British Nuns, General Motors and Other Letters to the Editor

Second to Nun

To the Editor:

I greatly enjoyed Claire Luchette’s essay “A Superfluity of Nuns” (Sept. 19), and would like to put in a good word for my favorite novel about the profession (or calling): Muriel Spark’s “The Abbess of Crewe.”

Published in 1974, it’s a devastatingly clever story of a scandal among an order of British nuns whose leadership closely resembles that of high U.S. officials caught up in Watergate. Unlike the serious works of literature about the sisters of the cloth mentioned in Luchette’s essay, it’s laugh-out-loud hilarious.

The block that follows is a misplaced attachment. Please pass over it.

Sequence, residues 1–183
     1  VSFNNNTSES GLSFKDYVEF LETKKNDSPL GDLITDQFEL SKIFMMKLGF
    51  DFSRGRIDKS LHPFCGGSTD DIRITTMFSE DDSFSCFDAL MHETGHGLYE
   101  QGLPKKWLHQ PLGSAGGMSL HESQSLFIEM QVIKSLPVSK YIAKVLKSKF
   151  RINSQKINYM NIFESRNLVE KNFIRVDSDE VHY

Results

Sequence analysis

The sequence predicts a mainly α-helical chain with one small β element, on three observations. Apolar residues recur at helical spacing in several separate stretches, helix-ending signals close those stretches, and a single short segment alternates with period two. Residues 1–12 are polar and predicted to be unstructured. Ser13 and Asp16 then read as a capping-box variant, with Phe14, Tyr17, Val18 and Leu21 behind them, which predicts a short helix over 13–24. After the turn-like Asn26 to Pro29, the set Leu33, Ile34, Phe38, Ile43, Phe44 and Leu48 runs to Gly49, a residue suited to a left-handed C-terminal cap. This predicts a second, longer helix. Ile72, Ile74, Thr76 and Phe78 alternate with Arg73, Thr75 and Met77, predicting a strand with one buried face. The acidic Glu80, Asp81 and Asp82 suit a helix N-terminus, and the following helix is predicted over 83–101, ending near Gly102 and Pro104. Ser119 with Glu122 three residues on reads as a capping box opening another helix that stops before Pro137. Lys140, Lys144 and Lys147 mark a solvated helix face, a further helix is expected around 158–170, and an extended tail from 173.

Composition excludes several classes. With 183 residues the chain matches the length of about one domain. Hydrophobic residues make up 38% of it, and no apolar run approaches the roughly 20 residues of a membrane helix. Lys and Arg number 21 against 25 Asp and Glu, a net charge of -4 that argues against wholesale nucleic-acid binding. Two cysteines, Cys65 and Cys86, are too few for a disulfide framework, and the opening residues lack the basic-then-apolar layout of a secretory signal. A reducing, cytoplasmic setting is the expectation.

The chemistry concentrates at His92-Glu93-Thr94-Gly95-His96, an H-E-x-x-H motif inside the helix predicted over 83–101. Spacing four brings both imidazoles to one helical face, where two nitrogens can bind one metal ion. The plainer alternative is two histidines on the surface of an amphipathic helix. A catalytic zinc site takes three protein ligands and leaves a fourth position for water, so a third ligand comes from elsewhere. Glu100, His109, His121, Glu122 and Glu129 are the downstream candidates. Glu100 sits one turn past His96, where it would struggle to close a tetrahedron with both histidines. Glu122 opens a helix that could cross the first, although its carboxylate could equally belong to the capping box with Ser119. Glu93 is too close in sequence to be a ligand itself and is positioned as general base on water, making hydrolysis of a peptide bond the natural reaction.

Richard Grayson
Philipsburg, St. Maarten

A Transportation Monopoly

To the Editor:

In his ambitious review of two books on time and motion (Sept. 12), Simon Winchester mentions how General Motors “insidiously” put millions both on the road and in “near-permanent indebtedness.”

It’s worth noting that was not the most egregious plan of the company that built the ominously dramatic “Futurama” at the 1939 World’s Fair. In 1949, G.M., along with Firestone Tires and Standard Oil among others, was convicted in the “Great American Streetcar Scandal” of conspiring to monopolize the sale of supplies in the auto industry, which would have eliminated mass transit and ensured decades of dependence on cars.

How ironic also, the streetcars, cable cars and other light rail that they successfully put out of business were electric modes of transport.

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